As I'm experimenting with a vanilla Active Directory domain, I notice that a standard user can go into Active Directory Users and Computers (dsa.msc) and Group Policy Management Console (gpmc.msc) and view the configuration in both of those respective services (AD and Group Policy).

Additionally, I also notice that a user can search for AD objects on the domain. Out of pure curiosity, how would I go about disabling user access to these if I were going to for security purposes while not breaking any other functionality?

I'm running Server 2016 with a Server 2016 functional forest and domain level. All hosts are either Server 2016 member servers or Windows 10 clients.

  • Viewing some domain objects is not likely your main concern; I would focus on other aspects of securing your environment - like restricting your administrative accounts - that is far far more troublesome that some users reading directory information. The other step would be not prohibit dsa.msc and gpmc.msc from running on user workstations. probably should also block dsac.exe and ldp.exe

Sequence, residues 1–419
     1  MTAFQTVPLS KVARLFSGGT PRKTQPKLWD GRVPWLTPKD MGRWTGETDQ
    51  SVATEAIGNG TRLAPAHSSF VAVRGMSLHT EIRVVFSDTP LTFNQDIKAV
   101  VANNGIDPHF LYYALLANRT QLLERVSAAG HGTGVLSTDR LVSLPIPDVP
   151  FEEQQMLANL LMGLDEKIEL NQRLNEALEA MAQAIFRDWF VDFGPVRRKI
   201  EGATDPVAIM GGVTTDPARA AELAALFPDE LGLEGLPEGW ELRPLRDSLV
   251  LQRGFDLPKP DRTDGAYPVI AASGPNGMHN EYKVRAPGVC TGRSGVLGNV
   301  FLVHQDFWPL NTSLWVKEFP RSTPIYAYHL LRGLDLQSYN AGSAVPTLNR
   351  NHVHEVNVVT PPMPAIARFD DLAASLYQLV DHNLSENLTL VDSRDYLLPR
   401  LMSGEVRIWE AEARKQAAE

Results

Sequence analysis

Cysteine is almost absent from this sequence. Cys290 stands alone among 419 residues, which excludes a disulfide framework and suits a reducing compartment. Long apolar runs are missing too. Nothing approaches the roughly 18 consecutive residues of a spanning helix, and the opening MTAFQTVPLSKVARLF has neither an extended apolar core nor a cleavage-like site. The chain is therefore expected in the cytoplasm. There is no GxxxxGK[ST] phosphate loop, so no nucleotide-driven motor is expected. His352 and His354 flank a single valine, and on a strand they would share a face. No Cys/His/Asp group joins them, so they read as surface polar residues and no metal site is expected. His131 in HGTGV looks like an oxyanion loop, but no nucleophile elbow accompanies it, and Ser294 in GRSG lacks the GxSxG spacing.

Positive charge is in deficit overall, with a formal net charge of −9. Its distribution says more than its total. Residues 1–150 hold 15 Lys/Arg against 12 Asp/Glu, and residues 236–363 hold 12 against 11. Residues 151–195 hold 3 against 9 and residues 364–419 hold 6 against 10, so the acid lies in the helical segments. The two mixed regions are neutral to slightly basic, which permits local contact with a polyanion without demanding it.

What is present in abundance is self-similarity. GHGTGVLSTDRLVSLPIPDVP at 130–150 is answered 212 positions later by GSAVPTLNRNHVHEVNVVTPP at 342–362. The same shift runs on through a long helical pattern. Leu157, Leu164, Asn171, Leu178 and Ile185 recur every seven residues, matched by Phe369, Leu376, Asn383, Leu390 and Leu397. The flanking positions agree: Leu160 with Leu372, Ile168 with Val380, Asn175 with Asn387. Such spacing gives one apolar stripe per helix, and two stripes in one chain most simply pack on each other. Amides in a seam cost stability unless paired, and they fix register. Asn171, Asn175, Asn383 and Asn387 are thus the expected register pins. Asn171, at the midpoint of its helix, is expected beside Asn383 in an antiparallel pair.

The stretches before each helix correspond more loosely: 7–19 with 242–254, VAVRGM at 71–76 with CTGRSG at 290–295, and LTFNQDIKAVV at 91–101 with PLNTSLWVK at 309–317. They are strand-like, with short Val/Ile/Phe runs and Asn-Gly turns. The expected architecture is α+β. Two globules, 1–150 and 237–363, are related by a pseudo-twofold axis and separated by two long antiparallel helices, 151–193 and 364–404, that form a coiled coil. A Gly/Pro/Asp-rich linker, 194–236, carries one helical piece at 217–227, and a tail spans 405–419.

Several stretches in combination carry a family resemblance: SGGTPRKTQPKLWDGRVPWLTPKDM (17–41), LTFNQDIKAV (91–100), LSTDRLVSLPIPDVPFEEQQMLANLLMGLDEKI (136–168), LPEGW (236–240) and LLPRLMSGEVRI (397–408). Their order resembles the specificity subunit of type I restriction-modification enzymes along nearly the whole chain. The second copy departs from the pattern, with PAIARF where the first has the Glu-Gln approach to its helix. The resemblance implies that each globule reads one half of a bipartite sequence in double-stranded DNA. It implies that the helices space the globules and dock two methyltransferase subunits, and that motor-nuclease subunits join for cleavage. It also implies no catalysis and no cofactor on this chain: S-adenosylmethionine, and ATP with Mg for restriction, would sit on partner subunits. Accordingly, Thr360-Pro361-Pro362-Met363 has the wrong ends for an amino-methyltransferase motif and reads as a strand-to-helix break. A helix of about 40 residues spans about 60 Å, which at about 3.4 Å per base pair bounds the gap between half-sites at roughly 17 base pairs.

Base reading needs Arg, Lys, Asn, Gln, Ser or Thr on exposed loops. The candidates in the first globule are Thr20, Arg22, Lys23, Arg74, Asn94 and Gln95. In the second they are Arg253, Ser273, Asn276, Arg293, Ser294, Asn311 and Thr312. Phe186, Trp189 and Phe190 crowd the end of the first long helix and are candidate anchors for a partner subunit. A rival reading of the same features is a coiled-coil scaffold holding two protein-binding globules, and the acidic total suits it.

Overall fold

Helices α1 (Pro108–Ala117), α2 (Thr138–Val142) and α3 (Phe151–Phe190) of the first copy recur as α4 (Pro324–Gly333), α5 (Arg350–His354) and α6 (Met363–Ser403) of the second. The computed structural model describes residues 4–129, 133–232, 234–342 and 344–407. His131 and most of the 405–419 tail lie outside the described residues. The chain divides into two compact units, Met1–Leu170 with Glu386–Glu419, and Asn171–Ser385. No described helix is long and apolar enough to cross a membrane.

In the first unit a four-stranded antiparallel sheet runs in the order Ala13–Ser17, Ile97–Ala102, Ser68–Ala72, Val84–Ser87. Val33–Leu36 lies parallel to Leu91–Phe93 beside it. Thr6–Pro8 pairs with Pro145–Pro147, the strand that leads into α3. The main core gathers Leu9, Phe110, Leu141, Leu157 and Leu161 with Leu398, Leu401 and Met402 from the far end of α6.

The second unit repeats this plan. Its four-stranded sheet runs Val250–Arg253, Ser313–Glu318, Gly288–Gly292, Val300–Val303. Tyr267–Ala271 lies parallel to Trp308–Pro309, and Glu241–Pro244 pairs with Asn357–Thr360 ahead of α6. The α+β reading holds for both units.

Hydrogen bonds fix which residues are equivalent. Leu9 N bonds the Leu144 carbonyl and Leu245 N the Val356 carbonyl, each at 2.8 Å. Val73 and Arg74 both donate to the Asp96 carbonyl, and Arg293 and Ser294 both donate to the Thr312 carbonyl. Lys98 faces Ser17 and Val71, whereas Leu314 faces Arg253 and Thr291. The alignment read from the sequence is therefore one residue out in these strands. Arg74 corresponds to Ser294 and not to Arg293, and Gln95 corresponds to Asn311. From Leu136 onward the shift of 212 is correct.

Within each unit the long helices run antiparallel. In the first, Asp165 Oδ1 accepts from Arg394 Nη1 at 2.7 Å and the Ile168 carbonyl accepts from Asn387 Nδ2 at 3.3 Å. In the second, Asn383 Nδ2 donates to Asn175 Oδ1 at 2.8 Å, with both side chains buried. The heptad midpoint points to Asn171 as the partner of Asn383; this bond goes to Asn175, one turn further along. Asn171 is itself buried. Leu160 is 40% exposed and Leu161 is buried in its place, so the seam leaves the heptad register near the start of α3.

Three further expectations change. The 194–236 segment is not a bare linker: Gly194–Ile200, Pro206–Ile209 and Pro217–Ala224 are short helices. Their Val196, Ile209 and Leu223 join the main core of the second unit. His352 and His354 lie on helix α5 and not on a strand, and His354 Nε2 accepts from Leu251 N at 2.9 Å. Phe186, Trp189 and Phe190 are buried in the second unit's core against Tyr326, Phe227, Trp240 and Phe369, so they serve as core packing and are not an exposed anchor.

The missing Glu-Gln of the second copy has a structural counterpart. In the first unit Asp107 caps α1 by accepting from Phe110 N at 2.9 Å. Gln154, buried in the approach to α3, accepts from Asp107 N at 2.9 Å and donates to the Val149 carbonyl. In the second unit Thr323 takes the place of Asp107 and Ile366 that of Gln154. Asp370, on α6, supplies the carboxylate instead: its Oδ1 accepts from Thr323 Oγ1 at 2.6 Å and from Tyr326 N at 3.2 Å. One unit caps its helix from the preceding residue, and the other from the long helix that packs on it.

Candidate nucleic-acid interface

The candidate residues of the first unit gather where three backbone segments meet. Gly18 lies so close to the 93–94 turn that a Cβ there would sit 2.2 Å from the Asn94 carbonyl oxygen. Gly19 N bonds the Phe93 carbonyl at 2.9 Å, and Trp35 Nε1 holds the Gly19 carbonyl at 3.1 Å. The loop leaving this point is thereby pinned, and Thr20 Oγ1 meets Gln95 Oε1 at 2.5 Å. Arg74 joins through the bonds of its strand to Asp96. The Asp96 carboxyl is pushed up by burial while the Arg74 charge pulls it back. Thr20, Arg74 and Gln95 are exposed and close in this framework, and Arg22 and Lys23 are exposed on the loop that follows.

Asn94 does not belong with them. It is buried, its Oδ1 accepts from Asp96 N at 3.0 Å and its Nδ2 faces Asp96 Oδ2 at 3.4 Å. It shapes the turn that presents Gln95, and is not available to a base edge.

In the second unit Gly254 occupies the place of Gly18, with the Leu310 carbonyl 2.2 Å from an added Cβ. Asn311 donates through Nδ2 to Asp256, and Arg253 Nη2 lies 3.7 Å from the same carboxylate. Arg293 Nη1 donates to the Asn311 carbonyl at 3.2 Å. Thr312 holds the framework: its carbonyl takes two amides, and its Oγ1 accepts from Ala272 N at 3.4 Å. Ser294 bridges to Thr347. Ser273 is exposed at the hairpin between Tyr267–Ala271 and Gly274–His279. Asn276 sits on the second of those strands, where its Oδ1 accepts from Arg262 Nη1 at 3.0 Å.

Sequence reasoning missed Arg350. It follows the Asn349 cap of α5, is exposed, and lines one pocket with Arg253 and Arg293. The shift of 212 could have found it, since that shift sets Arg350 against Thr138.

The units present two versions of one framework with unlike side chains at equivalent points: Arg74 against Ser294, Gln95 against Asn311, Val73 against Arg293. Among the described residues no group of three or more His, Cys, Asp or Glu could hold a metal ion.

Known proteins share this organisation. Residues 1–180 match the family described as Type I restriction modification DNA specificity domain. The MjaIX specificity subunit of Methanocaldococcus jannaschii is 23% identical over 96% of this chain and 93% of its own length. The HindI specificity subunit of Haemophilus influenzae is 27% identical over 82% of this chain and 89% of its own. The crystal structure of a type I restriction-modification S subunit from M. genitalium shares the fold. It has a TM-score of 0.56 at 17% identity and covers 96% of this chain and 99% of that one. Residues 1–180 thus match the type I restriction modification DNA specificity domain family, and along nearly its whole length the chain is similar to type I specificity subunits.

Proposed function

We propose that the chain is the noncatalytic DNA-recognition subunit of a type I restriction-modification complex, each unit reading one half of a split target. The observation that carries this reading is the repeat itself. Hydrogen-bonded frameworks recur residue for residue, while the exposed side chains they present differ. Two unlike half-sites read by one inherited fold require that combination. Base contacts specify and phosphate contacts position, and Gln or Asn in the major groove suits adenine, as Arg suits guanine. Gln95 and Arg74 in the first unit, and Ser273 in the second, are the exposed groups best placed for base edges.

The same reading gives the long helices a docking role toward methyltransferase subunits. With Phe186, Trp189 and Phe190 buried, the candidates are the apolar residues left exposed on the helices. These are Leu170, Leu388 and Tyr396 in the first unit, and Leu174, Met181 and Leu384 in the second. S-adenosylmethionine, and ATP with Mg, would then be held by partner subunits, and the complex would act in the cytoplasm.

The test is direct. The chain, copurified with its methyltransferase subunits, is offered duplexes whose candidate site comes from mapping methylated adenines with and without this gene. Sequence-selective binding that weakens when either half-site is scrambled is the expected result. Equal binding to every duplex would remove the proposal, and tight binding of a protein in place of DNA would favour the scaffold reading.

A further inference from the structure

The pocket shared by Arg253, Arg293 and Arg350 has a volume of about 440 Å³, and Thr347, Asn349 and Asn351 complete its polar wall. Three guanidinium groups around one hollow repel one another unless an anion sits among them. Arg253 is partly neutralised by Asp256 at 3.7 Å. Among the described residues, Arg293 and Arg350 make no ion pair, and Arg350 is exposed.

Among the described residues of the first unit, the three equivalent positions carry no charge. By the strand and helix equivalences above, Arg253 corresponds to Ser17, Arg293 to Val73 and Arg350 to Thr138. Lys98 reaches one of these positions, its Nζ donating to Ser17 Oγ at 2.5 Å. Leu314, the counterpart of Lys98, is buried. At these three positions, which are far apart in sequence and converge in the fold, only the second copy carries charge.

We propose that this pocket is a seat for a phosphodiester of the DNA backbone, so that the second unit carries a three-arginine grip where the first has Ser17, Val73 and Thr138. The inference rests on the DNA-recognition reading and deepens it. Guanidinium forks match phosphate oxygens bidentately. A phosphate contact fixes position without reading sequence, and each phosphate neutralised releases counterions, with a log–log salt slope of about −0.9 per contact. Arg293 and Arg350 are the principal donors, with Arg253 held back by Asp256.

– Semicolon
    Feb 4 '19 at 18:23

From this explanation of restricting rights in Active Directory:

By default, typical domain users have Read access to almost everything in AD domains—including users, groups, organizational units (OUs), and Group Policy Objects (GPOs).


The only way to restrict users is to restrict Read permissions on objects that you don't want users to be able to read. However, be judicious when restricting Read access to AD objects, or you might run into problems. For instance, if users don't have Read access to other user objects, they might not be able to use Microsoft Exchange Server to find mail recipients. And if you deny users Read access to GPOs, settings that you configure under User Configuration in those GPOs won't be applied.

Your Answer

By clicking “Post Your Answer”, you agree to our terms of service, privacy policy and cookie policy

Not the answer you're looking for? Browse other questions tagged or ask your own question.